This early in the season, movements in team playoff odds have little to do with changing evaluations of team talent; there simply hasn’t been enough action to affect the judgments of algorithms that in most cases consider years of past performance. (Our minds may change more quickly, but that doesn’t mean that they should.) At FanGraphs, for instance, the Dodgers’, Yankees’, and Nationals’ expected rest-of-season winning percentages, unadjusted for schedule—essentially, the site’s best estimates of those teams’ true-talent levels over the rest of 2018—have barely budged since Opening Day. The Dodgers’ expected winning percentage is down just two points; the Yankees’ and Nationals’ are actually up two points. None of those teams has suffered any serious, long-term injury losses since the season started—Justin Turner’s broken wrist, which he sustained in mid-March, was already baked into the Dodgers’ preseason forecast—so as far as the projections are concerned, those teams have essentially the same levels of skill that they seemed to on Opening Day.

The difference, then, stems almost entirely from fluctuations in the standings. The Yankees now trail the Red Sox by five games. The Dodgers, who hoisted themselves into fourth place in the NL West with a win over San Diego on Monday, trail the Diamondbacks by the same margin. And the Nationals, who pulled off a come-from-behind win at Citi Field on Monday night, still trail the Mets by five games as well. In all three cases, the trailing team may be better than the leading team (to say nothing of the other teams in between). But now they have several games to make up, and less than a full season in which to complete comebacks.

Of the three contenders whose odds have fallen the furthest, the Yankees—the only team of the big six that didn’t win its division last season—had the toughest assignment and the smallest margin for error when the season started. New York’s powerful lineup, which was bolstered by a winter trade for reigning NL MVP Giancarlo Stanton, garnered more than its fair share of headlines this spring, but the Red Sox, baseball’s biggest spenders, signed their own slugger in J.D. Martinez, and their hitters have predictably bounced back from a surprisingly subpar 2017 season, matching the Yankees run for run while their pitching staff (which leads the majors in FanGraphs WAR) allows far fewer. The gap between these two teams was always smaller than it was widely perceived to be, and the preseason second fiddle’s MLB-best .867 winning percentage has given Boston a buffer that the Yankees will have a hard time erasing.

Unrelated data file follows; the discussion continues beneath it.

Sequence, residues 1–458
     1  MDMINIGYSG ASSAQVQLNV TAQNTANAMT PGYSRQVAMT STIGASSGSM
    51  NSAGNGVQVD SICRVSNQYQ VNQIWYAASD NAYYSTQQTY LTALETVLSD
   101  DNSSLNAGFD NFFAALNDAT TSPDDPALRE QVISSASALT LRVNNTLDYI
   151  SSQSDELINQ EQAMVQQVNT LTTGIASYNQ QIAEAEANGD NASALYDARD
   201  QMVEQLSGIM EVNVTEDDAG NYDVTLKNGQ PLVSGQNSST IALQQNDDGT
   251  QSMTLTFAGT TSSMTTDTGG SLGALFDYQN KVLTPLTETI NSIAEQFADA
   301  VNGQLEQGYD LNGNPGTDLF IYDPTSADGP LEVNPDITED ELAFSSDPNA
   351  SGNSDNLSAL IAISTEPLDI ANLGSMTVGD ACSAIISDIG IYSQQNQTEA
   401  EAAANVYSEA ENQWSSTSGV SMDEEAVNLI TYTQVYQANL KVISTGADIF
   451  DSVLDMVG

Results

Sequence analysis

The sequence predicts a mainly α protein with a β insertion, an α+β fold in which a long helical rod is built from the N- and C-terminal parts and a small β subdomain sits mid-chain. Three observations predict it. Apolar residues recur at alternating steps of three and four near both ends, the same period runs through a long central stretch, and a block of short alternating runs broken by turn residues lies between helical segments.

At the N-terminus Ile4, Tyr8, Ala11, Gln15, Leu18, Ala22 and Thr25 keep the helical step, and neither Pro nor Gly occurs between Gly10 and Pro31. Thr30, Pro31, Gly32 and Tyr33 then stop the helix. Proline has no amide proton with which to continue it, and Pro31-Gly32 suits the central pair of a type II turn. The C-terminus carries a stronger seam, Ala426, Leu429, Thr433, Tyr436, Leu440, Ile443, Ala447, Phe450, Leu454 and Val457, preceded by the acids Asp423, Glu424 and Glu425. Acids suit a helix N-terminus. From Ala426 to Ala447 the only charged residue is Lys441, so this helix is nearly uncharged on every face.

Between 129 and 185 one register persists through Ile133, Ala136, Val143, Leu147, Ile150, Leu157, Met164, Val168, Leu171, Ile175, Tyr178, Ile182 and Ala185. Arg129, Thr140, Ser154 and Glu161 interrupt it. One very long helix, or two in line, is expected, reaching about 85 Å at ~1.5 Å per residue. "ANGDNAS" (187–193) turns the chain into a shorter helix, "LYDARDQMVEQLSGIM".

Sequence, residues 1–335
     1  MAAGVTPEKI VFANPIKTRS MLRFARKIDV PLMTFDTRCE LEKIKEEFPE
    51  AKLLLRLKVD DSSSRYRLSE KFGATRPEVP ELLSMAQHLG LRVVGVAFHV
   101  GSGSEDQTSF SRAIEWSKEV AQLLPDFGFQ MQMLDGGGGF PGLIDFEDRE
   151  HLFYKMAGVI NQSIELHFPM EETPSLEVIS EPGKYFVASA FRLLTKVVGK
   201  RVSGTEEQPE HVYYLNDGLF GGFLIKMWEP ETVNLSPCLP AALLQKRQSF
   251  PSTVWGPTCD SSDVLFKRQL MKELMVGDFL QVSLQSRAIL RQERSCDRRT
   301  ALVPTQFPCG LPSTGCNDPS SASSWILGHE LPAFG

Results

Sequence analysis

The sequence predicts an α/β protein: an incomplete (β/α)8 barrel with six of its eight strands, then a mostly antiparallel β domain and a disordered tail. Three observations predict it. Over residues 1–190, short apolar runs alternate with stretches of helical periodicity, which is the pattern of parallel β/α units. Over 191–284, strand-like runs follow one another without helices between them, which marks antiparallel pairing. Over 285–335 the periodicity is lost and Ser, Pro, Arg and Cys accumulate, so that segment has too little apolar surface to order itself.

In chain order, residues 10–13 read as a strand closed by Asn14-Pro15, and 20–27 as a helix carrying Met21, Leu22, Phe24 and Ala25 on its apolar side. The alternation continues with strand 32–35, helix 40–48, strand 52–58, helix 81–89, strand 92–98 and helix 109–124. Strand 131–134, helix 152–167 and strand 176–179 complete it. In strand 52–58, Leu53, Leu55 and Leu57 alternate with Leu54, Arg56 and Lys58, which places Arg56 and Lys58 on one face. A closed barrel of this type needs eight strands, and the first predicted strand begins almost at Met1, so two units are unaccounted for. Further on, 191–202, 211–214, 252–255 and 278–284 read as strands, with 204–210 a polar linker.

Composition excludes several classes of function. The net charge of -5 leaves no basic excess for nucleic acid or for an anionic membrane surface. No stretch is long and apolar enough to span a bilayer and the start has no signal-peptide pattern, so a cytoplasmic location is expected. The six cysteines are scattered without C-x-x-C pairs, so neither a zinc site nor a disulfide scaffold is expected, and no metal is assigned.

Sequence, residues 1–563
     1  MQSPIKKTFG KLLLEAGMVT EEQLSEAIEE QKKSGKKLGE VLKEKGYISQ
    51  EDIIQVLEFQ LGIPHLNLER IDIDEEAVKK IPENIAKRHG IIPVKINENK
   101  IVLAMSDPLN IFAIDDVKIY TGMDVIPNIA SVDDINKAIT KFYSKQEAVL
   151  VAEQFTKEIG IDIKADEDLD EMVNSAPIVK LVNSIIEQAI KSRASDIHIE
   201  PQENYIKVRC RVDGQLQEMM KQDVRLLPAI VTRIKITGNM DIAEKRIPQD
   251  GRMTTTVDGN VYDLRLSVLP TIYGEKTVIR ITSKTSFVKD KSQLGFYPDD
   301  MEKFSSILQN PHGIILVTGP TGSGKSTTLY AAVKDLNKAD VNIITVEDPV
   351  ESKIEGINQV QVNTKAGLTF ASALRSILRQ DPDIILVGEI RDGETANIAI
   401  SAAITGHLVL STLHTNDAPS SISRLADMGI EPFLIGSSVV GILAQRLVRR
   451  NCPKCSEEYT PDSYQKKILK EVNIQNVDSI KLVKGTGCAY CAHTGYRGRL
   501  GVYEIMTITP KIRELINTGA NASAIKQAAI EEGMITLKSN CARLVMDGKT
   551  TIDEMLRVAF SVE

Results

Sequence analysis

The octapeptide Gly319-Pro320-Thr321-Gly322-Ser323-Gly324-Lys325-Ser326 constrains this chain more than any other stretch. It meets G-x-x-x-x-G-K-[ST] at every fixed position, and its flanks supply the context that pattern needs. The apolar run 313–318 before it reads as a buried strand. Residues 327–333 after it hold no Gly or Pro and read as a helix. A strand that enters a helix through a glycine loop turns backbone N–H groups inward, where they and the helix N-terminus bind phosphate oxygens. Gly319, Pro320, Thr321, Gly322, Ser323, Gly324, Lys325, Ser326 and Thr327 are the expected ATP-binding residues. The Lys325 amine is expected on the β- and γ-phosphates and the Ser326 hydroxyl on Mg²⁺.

The Dodgers’ position isn’t quite as precarious. L.A.’s lineup is littered with weakness that won’t last: Corey Seager, Yasiel Puig, and Joc Pederson have sub-.600 OPS marks, as does the now-sidelined Logan Forsythe, who’s been dealing with shoulder inflammation since spring training. That quartet will be better, and Turner may be weeks away from returning. Kenley Jansen, who caused concern with a cutter that sat sub-90 in his first outing, has seen his velocity rise amid four straight scoreless appearances. And Wilmer Font, who’s allowed 13 runs in 9 1/3 innings and amassed the majors’ third-worst win probability added, has accounted for much of the seasonal sabotage himself. The 11-4 Diamondbacks are the Dodgers’ biggest problem, but that obstacle isn’t insuperable, especially if Arizona starter Taijuan Walker’s forearm inflammation turns out to be more serious than expected.

Like the Dodgers’, the Nationals’ ills are mostly external. Ryan Zimmerman, who may never know the joy of another ultrarelaxed spring training (whether or not that rest in March made him rusty) is hitting .111/.186/.204, which means he’s one Marlin away from being the worst hitter in baseball (minimum 50 painful PA). In only one year has he been a below-average hitter by season’s end, although his health status is uncertain. The injured Adam Eaton may be back by the end of the week, and Daniel Murphy is about to begin playing in extended-spring games. Bryce Harper barely needs bats to hit homers.

The Nationals aren’t worse than we thought they were, but they’re facing more difficult competition than they have in years, the 12-3 Mets foremost among them. The health of the Mets’ pitching staff is one of the young season’s most pleasant surprises. Given that intact rotation, though—and a healthy and hitting Michael Conforto—the team’s success isn’t so surprising. The Mets’ winning percentage was bound to correlate closely with the percentage of team starts made by Noah Syndergaard, Jacob deGrom, Matt Harvey, Steven Matz, and Zack Wheeler. Last year, that rate dropped to 53 percent; this year, it still stands at 100. Only the Astros’ starters have struck out a higher percentage of hitters they’ve faced, and the Mets’ unfamiliar full complement of starting pitchers has helped strengthen the bullpen, too, pushing Seth Lugo and Robert Gsellman at least temporarily into relief roles. The Mets may not have their first- or second-string catchers—Travis d’Arnaud is already done for the year, and Kevin Plawecki’s hand has a hairline fracture—but they won’t fade from the race as long as their pitcher-to-belly-itcher ratio remains high. Even though the ratio can’t go any higher than it has been so far, the Mets have outscored their opponents by a relatively pedestrian 20 runs (fewer than the Braves!), and they’ve outplayed their BaseRuns record—a better reflection of their underlying performance than their wins and losses alone—by four wins, twice as many as the next-most-fortunate team. The majors’ most volatile club is still beatable.

Like so much about baseball in mid-April, the big six’s early stumbles may be forgotten by July, let alone October. We’re only weeks into a journey that lasts for most of the year, and even months into the season, what we thought before the season tells us more about a team than what’s happened in the season so far. Most of the preseason favorites will probably prove the pundits and projections correct. But the concern that this season’s division races appeared to be preordained hasn’t been borne out by any division so far. The odds of upsets are up. Last month I argued that baseball’s elite teams weren’t spoiling the sport’s suspense. But even I may have underestimated how much hope the have-nots had.